In this work we describe a series of impact experiments performed on PMMA/4340 steel edge cracked bimaterial plates. Specimens were impacted at 20 m s-1 in a one point bend configuration using a high speed gas gun. Dynamic interfacial crack propagation was observed using the optical method of Coherent Gradient Sensing and high speed photography. Very high crack tip accelerations (108 m s-2) and very high crack tip speeds (up to 1.5cR PMMA) were measured and are reported. Quantitative measurements show that in experiments in which the crack tip speed entered the intersonic range for PMMA, the stress field surrounding the crack tip was shear dominated. The observation of high shear around the crack tip can also be explained using wave propagation arguments. It is found that the reason for attainment of intersonic (with respect to PMMA) crack tip speeds is directly related to the large amounts of energy necessary to initiate the crack tip under shear dominated conditions. A comparison with the theoretical results of Part II in this study is also made. There seems to be an unfavorable region of stable crack propagation velocities in the intersonic regime. This region is cs pmma < v < √2cs PMMA. In all experiments performed, the propagating crack accelerated quickly out of this region. In the few interferograms that do actually correspond to crack propagation in this unfavorable velocity range, crack face contact was observed. This observation is also in agreement with the findings of Part II of this investigation.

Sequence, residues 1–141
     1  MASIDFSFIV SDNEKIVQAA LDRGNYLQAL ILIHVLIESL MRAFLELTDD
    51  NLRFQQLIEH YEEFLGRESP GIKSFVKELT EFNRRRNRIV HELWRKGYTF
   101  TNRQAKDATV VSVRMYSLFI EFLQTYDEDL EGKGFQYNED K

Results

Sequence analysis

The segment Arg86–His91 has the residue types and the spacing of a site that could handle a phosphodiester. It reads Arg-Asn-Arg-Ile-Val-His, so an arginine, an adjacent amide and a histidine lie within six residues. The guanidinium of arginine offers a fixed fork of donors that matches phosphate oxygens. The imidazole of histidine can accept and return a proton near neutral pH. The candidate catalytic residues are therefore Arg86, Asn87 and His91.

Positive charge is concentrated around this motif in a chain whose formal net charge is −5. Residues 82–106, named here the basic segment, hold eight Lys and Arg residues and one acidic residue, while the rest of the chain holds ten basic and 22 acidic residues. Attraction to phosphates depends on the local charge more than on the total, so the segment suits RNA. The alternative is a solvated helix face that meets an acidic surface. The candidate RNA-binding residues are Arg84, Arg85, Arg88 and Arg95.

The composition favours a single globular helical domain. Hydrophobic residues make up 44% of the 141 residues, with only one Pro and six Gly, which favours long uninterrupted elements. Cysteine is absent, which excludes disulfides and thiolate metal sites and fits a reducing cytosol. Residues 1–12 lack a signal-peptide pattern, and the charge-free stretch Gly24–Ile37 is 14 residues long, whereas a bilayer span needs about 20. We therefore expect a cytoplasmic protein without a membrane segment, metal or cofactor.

|Original language||English (US)|
|Journal||Journal of the Mechanics and Physics of Solids|
|State||Published - Feb 1995|
ASJC Scopus subject areas
- Condensed Matter Physics
- Mechanics of Materials
- Mechanical Engineering